10w30, 10w40. 15w40 and 20w50 racing oil and there were others.
They had Multi-Grade oil during WW2 Viscosity index improvers were
first used to make multigrade engine oils in the 1940s.
I was wandering if multi-weights were available in the early 70’s cos I remember my mom back then saying that she needed to get a winter oil change to get a thinner oil for the cold engine starts. It could be that the mechanic at the Target store she had her car worked on recommend using a straight weight oil in her car back then and to have it changed once in the spring and again in the fall based on her driving amounts. And yes, Target stores back then in the twin cities where the store started had auto bays and mechanics. Hard to believe nowadays lol.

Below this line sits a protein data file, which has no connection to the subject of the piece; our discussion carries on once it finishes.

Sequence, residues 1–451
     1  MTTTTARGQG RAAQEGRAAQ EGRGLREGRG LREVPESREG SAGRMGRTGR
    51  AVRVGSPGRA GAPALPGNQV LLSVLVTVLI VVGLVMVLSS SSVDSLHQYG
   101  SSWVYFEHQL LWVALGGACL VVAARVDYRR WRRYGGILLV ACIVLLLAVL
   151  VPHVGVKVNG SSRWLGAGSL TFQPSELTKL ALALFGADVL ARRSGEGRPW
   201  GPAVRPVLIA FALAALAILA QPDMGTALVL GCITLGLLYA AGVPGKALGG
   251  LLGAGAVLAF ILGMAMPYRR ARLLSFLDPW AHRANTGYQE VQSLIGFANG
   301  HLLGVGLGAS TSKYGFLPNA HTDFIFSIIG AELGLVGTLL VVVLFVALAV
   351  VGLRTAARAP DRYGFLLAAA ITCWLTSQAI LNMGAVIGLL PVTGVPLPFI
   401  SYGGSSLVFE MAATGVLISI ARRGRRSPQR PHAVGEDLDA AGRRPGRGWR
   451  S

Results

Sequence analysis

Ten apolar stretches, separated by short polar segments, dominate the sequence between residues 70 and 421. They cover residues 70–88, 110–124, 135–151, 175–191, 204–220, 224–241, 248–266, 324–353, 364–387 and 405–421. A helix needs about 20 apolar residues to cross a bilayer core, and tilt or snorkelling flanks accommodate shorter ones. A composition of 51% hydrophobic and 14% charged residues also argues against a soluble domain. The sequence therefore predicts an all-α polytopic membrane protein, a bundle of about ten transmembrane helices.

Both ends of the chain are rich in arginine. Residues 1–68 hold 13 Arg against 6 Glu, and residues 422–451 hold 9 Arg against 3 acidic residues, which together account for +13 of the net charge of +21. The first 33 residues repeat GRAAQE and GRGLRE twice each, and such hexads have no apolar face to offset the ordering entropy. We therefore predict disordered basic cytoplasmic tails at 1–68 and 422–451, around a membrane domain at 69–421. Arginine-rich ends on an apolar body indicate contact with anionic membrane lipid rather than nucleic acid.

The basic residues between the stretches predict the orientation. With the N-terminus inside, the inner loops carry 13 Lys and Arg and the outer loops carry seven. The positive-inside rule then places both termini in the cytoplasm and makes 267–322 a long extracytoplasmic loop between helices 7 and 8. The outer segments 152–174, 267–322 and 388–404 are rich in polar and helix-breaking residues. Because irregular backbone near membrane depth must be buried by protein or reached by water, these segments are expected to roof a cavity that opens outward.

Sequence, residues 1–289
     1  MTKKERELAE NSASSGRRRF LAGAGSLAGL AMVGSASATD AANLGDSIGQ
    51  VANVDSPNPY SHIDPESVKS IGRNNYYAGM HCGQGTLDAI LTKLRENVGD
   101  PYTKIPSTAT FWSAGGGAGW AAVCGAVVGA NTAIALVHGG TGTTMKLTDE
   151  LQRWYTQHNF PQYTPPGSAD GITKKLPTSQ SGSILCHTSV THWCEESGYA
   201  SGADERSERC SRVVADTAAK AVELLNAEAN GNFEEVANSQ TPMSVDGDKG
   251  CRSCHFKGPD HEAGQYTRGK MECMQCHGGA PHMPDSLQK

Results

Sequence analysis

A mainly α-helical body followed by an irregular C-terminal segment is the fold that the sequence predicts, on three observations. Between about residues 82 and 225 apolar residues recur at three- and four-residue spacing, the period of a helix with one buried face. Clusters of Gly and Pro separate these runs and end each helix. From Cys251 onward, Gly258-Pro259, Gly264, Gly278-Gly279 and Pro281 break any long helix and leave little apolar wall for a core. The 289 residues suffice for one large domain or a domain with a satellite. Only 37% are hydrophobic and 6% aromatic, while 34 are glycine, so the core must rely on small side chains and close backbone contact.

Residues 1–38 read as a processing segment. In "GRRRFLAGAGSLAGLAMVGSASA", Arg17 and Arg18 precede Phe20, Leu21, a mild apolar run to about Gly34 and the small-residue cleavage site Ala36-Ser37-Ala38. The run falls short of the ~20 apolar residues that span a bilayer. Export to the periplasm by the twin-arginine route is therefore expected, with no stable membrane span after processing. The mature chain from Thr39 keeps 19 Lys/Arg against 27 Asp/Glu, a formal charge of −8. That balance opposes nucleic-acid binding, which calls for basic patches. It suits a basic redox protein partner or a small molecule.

Medic21

Minister of Fire
Feb 26, 2017
521
Northern Indiana
Dad still has and uses a Homelite XL. I can set a Stihl 362 or Husky 562 in front of him, both weigh less and have 3x the power, and the stubborn old man will pick up his Homelite.

I have no idea how much wood that saw has cut but, it heated our house for 20+ years and still runs. I learned on that saw and He hasn’t heated with wood for going on 20 years now.